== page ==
In this exercise I will ask you to write several Haskell program fragments that utilize little known features of Haskell. It is your job to find documentation for these features and correctly write the Haskell program fragment requested. Below are several on-line resources you might find useful.
To finish this exercise do the following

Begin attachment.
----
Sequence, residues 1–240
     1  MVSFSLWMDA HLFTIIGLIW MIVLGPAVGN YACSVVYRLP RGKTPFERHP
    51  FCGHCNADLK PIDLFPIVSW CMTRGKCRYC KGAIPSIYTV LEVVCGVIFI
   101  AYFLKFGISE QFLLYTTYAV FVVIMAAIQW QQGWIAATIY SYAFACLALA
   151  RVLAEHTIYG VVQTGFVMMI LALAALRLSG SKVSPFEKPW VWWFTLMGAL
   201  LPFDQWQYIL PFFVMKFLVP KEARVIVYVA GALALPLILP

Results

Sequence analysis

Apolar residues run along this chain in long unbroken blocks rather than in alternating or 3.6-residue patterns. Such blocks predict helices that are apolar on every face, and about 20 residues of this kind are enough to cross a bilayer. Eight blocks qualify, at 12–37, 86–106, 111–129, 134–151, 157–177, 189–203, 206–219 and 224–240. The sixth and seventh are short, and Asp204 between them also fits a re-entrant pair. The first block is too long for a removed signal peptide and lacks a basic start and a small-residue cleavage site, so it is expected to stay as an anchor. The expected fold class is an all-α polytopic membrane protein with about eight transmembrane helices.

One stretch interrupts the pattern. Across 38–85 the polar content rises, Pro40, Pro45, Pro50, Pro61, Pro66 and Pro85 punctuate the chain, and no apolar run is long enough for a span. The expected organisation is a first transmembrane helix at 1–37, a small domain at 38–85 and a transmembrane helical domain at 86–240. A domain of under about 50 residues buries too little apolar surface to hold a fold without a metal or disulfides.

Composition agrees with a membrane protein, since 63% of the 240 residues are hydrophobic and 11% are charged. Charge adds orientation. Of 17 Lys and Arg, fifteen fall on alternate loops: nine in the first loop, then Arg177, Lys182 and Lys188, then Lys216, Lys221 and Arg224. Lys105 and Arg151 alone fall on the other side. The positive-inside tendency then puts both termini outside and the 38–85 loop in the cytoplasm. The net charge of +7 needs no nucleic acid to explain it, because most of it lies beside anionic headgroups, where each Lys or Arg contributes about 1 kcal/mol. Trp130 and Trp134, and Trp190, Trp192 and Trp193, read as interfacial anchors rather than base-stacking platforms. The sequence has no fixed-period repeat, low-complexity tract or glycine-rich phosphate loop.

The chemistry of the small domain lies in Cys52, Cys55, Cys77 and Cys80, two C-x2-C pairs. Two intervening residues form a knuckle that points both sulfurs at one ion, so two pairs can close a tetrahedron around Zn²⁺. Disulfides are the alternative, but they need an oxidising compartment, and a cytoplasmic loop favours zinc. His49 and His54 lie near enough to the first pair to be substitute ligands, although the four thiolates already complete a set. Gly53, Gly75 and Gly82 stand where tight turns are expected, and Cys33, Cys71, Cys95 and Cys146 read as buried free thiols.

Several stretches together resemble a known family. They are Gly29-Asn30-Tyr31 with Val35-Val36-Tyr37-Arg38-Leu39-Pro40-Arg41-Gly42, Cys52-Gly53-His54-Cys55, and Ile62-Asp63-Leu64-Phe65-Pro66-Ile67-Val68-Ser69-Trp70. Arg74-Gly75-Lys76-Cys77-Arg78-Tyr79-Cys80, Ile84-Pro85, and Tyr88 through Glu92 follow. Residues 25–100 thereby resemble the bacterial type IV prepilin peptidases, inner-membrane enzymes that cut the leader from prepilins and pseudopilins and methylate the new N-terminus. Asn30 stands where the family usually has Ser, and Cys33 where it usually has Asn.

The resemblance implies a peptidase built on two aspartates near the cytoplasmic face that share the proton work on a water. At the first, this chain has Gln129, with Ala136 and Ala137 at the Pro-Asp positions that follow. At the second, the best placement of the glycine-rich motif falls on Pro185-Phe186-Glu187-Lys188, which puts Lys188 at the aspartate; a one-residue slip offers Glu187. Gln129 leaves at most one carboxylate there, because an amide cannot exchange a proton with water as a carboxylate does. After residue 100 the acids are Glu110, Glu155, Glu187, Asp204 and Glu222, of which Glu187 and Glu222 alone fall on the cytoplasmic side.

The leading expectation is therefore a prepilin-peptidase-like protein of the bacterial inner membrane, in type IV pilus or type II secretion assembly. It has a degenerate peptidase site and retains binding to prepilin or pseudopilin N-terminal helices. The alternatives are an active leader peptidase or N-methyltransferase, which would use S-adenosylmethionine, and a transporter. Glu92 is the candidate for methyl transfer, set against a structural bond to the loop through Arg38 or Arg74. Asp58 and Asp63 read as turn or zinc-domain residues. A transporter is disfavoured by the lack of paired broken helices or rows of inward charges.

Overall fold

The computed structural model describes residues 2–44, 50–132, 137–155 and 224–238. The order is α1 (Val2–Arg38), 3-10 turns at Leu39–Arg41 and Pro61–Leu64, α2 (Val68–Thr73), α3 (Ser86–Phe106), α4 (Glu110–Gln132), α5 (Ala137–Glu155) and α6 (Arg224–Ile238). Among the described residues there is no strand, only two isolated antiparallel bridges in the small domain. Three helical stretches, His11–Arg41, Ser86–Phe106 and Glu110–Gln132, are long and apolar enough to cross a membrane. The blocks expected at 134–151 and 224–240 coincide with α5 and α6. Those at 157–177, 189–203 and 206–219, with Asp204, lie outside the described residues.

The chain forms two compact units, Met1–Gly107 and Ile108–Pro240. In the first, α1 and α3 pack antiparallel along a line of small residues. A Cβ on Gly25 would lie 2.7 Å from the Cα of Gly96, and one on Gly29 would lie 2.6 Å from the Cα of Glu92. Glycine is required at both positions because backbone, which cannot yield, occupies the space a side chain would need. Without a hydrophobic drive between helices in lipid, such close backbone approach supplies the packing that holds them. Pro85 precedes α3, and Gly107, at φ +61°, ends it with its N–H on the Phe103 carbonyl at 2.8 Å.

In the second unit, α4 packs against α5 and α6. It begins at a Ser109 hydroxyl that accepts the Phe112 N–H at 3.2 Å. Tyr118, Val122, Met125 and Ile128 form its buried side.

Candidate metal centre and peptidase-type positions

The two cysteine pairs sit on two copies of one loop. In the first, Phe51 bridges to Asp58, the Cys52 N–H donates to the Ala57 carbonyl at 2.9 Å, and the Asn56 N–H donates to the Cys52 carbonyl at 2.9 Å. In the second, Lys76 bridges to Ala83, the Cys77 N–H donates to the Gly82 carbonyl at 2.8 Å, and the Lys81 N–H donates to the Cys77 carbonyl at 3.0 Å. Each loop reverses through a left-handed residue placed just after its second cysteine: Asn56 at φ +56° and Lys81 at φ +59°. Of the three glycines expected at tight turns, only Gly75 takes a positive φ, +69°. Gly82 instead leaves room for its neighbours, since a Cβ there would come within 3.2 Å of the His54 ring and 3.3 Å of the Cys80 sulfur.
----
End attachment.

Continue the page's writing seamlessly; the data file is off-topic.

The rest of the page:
module UsingResources where -- (1) Find out how to use multiline string constants -- so one doesn't need to use the append (++) -- operator in the code fragment below. address = "Tom Smith\n" ++ "100 Main Street\n" ++ "Everytown, OR 4275355" -- (2) Use "as-patterns" to rewrite the insert function -- below so the pattern guard, guarded by (n==m), doesn't -- have to reconstruct the input (Fork l m r) to insert. data Tree = Leaf | Fork Tree Int Tree insert :: Int -> Tree -> Tree insert n Leaf = Fork Leaf n Leaf insert n (Fork l m r) | n < m = Fork (insert n l) m r | n > m = Fork l m (insert n r) | n==m = Fork l m r -- (3) Add an infix declaration to the program so that sumMod3 -- can be used as an infix operator with left associativity -- and the same precedence as (+). Thus -- x `sumMod3` y * 3 + 4 -- would parse as -- (sumMod3 x (y*3)) + 4 sumMod3 x y = mod (x++y) 3 -- (4) The stripPrefix function belongs to one of the standard -- libraries. Find it, put an import declaration in your -- file to import it. What is its type? Use it in an example. -- example = .... stripPrefix -- (5) Rewrite the function myEven using n+k patterns -- This only works in older version of GHC. It has been -- removed in newer versions! myEven 0 = True myEven 1 = False myEven n = myEven (n-2)
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